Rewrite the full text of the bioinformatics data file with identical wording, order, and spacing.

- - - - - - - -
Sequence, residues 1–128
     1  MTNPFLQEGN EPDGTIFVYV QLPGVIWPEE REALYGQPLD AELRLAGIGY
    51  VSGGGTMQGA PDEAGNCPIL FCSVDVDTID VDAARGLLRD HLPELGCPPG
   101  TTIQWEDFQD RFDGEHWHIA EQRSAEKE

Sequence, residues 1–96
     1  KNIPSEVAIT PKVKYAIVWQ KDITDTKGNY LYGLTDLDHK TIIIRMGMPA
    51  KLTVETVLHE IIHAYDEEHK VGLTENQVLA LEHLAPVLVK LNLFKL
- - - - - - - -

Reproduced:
Sequence, residues 1–128
     1  MTNPFLQEGN EPDGTIFVYV QLPGVIWPEE REALYGQPLD AELRLAGIGY
    51  VSGGGTMQGA PDEAGNCPIL FCSVDVDTID VDAARGLLRD HLPELGCPPG
   101  TTIQWEDFQD RFDGEHWHIA EQRSAEKE

Sequence, residues 1–96
     1  KNIPSEVAIT PKVKYAIVWQ KDITDTKGNY LYGLTDLDHK TIIIRMGMPA
    51  KLTVETVLHE IIHAYDEEHK VGLTENQVLA LEHLAPVLVK LNLFKL